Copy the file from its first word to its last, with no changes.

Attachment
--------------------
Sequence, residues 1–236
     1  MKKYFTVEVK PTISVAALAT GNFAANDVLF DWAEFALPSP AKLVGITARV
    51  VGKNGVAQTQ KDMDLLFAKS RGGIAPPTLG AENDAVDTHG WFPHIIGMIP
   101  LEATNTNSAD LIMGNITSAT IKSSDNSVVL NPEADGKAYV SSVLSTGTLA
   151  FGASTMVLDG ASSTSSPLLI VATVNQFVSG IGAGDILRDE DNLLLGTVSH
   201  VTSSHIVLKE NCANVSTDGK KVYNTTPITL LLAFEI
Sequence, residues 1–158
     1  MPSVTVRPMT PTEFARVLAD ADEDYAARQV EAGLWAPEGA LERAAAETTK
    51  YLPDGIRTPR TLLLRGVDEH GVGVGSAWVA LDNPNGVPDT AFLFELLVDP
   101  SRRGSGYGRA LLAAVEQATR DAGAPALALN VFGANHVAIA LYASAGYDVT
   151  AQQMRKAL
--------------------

Sequence, residues 1–236
     1  MKKYFTVEVK PTISVAALAT GNFAANDVLF DWAEFALPSP AKLVGITARV
    51  VGKNGVAQTQ KDMDLLFAKS RGGIAPPTLG AENDAVDTHG WFPHIIGMIP
   101  LEATNTNSAD LIMGNITSAT IKSSDNSVVL NPEADGKAYV SSVLSTGTLA
   151  FGASTMVLDG ASSTSSPLLI VATVNQFVSG IGAGDILRDE DNLLLGTVSH
   201  VTSSHIVLKE NCANVSTDGK KVYNTTPITL LLAFEI
Sequence, residues 1–158
     1  MPSVTVRPMT PTEFARVLAD ADEDYAARQV EAGLWAPEGA LERAAAETTK
    51  YLPDGIRTPR TLLLRGVDEH GVGVGSAWVA LDNPNGVPDT AFLFELLVDP
   101  SRRGSGYGRA LLAAVEQATR DAGAPALALN VFGANHVAIA LYASAGYDVT
   151  AQQMRKAL